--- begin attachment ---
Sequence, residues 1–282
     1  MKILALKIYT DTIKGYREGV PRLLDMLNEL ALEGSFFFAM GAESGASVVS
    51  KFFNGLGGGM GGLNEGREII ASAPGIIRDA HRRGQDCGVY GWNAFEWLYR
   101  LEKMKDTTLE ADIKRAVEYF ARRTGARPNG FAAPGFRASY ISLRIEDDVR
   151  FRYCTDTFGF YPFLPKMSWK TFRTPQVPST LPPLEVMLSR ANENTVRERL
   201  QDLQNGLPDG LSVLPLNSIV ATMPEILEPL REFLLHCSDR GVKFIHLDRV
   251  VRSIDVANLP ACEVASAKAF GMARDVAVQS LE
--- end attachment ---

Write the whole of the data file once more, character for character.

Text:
Sequence, residues 1–282
     1  MKILALKIYT DTIKGYREGV PRLLDMLNEL ALEGSFFFAM GAESGASVVS
    51  KFFNGLGGGM GGLNEGREII ASAPGIIRDA HRRGQDCGVY GWNAFEWLYR
   101  LEKMKDTTLE ADIKRAVEYF ARRTGARPNG FAAPGFRASY ISLRIEDDVR
   151  FRYCTDTFGF YPFLPKMSWK TFRTPQVPST LPPLEVMLSR ANENTVRERL
   201  QDLQNGLPDG LSVLPLNSIV ATMPEILEPL REFLLHCSDR GVKFIHLDRV
   251  VRSIDVANLP ACEVASAKAF GMARDVAVQS LE